A little more than eleven years ago I asked the question “Will she ever get a chance?” She didn’t. Shortly after Dad died, Mom was diagnosed with Alzheimer’s. She succumbed to it a few years later. Currently she resides at my brother’s house on the lower shelf of the china cabinet she protected from Dad’s unexpected, violent tantrums.
It’s so unfair.
Gone is that often volatile child and in his place is a most charming, kind and generous man. He’s a feminist, an anti-racist activist, an avid supporter of LGBTQ+ persons. He loves music of all kinds (except maybe classical), dances often, laughs a lot, cries sometimes. He’s a strong empath, a reader, a loving partner. We see him often.
Eleven and-a-half years later Clare and I are still close, even though she lives on the other side of the country. She’s smart, talented, a brilliant writer, an avid reader and a roof-top urban-gardener. She graduates in June. After that, who knows? Olympia is home, but she’ll need to follow opportunities. I miss her every day; we talk often.
Keith didn’t start out wanting to follow his father’s footsteps as a clergyman, but after a career in publishing he chose to attend a Lutheran seminary and landed his first ministry at Mom’s church. He’s kind and smart and helped me through the deaths of my parents. His partner (and former cop) dyes the Chicago River green on Saint Patrick’s Day.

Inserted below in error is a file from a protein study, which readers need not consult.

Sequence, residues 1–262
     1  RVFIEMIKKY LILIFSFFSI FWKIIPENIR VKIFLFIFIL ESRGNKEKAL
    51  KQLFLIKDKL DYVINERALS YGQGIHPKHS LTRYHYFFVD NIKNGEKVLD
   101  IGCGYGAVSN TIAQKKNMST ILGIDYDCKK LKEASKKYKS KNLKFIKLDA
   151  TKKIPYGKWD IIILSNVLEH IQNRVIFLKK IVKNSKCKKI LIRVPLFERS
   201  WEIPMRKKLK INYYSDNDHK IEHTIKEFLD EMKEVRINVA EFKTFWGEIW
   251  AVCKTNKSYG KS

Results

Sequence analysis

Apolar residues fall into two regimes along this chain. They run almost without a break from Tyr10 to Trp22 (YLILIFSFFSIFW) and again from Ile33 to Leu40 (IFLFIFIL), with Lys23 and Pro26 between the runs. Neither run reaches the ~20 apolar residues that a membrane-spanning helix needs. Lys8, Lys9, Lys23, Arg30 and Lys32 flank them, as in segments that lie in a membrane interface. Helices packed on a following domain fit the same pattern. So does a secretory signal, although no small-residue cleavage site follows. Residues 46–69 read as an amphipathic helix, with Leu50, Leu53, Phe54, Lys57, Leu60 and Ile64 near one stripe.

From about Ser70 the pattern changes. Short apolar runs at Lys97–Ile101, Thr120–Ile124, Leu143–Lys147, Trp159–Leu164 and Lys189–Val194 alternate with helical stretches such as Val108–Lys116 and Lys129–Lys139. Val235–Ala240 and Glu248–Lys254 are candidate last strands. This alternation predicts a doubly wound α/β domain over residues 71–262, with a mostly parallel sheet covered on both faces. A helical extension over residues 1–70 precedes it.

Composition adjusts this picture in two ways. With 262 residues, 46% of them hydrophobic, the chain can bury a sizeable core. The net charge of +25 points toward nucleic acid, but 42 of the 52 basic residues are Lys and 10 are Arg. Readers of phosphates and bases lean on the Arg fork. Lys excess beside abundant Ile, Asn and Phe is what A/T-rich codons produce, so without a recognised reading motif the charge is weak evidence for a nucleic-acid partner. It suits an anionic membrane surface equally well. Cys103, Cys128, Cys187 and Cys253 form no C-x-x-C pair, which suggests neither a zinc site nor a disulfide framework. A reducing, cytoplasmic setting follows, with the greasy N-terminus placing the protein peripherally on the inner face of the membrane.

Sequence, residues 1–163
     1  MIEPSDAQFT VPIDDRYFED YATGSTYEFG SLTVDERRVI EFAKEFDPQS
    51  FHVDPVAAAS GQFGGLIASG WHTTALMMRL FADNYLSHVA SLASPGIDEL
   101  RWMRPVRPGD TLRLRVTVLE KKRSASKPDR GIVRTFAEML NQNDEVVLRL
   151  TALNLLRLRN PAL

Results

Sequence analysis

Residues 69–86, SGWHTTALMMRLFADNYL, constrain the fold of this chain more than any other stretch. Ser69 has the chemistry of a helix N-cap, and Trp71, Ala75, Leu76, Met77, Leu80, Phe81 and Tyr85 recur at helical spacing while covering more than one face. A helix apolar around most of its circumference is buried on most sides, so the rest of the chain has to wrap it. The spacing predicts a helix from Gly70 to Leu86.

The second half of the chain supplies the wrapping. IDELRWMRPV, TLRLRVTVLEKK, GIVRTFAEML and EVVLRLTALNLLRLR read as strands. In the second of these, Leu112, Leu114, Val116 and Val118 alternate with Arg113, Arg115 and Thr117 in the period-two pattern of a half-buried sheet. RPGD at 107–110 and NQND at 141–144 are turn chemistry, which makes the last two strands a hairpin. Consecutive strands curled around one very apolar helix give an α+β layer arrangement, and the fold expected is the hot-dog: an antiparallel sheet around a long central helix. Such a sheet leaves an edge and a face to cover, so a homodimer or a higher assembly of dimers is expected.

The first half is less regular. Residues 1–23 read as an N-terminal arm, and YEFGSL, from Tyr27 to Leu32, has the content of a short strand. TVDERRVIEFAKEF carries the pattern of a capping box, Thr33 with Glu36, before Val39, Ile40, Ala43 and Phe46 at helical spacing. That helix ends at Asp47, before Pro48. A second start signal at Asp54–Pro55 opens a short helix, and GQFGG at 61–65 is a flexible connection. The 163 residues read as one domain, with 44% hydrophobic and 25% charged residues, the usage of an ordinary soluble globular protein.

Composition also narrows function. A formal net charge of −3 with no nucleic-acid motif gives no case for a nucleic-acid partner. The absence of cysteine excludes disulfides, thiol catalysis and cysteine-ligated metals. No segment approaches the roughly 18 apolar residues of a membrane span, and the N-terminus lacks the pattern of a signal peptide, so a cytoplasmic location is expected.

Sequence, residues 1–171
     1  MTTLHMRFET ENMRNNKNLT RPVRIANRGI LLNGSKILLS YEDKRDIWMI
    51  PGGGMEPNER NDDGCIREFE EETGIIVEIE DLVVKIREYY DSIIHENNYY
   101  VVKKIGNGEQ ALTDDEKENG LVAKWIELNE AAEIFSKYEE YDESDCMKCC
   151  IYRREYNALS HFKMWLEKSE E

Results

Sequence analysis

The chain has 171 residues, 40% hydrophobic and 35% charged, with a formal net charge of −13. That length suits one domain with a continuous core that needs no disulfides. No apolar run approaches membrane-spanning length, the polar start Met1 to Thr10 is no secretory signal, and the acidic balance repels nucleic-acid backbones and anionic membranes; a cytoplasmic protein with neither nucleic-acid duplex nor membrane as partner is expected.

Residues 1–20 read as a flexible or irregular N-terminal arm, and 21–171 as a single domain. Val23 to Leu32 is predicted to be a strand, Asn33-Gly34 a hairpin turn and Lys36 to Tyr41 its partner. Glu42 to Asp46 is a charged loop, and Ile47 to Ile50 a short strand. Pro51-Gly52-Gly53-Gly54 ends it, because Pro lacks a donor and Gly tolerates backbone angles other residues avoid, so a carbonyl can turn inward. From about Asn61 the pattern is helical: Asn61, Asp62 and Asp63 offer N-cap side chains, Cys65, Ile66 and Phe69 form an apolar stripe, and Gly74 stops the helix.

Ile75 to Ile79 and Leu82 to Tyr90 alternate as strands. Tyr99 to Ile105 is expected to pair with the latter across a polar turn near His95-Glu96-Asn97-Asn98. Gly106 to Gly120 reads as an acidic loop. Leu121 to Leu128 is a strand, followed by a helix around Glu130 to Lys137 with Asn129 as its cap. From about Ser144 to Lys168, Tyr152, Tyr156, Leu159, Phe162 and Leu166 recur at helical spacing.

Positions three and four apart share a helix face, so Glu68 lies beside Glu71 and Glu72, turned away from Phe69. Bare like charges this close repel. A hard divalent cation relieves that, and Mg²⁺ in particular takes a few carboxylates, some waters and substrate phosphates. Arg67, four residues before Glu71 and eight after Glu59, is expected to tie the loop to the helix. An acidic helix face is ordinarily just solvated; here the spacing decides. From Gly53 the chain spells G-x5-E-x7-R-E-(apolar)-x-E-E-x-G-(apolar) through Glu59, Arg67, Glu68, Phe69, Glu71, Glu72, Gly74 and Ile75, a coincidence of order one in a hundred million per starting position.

I know next to nothing about Frank. He emigrated to the US from Germany in 1900. He married my great-grandmother Jessie and apparently really loved her. Family legend is that he took his own life after Jessie died. Official records show he died 9 years after Jessie did and that seems like a long time to mourn.
Frank (left) and a friend.
Albert Emanuel Green was born in Chicago on February 25, 1891 to Swedish immigrants. His father died of typhoid fever when Albert was eight so his mother moved the family to Elgin where he eventually met and married Jessie Tyler. Not long after their only child, my grandfather, was born they divorced. Albert was killed by a train in South Elgin on October 19, 1921.
Jessie Tyler Green Harris grew up on Highland Avenue, the daughter of a veterinarian and Scottish housewife. She married young, gave birth to my Grandpa Green, divorced the father then married Frank Harris. She posed for several photos. She was struck by a vehicle in the 1940s and perished. Mom remembered her as unhappy. The old photographs tell a different story.